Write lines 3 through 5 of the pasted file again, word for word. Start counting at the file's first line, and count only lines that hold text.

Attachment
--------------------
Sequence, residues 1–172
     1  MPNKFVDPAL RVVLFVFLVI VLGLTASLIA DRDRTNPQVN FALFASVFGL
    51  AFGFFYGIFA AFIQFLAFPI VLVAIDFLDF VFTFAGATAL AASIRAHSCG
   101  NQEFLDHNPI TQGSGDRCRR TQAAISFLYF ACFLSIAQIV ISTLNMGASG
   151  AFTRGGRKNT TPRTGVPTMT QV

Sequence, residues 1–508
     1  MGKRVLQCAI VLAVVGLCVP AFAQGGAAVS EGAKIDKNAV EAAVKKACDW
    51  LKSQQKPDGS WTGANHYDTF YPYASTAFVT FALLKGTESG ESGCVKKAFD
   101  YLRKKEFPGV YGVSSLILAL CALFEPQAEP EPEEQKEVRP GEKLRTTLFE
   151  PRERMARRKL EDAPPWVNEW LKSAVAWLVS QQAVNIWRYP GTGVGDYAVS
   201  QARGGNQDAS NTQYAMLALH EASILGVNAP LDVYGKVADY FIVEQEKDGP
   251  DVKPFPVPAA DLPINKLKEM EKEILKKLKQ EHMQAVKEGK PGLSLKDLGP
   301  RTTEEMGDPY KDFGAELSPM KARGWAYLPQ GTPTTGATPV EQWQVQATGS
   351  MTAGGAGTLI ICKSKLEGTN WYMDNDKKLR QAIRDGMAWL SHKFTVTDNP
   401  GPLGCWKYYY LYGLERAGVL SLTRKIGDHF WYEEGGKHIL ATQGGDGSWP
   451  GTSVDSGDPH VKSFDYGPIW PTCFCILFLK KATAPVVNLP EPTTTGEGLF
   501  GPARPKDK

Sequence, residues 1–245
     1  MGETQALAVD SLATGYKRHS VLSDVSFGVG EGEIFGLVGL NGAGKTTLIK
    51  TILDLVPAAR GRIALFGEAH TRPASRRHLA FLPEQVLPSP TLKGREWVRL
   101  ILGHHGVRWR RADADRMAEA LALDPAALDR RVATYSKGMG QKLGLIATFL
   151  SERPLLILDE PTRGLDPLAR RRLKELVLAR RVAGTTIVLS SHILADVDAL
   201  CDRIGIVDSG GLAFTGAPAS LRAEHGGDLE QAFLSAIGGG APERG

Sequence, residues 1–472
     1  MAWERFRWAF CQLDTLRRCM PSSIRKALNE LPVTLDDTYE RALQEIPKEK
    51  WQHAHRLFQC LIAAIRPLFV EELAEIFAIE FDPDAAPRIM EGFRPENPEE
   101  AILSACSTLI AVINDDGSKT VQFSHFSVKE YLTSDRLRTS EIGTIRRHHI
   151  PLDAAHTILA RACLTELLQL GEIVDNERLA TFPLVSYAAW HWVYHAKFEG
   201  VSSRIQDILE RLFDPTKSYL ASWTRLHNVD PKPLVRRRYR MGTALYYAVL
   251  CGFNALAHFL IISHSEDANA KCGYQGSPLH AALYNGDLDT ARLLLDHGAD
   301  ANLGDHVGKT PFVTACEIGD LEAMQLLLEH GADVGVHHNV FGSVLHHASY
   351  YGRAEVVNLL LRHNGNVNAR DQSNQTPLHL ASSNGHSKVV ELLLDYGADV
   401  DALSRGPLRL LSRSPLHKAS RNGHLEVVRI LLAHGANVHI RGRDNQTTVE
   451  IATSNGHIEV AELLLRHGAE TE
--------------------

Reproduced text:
    51  AFGFFYGIFA AFIQFLAFPI VLVAIDFLDF VFTFAGATAL AASIRAHSCG
   101  NQEFLDHNPI TQGSGDRCRR TQAAISFLYF ACFLSIAQIV ISTLNMGASG
   151  AFTRGGRKNT TPRTGVPTMT QV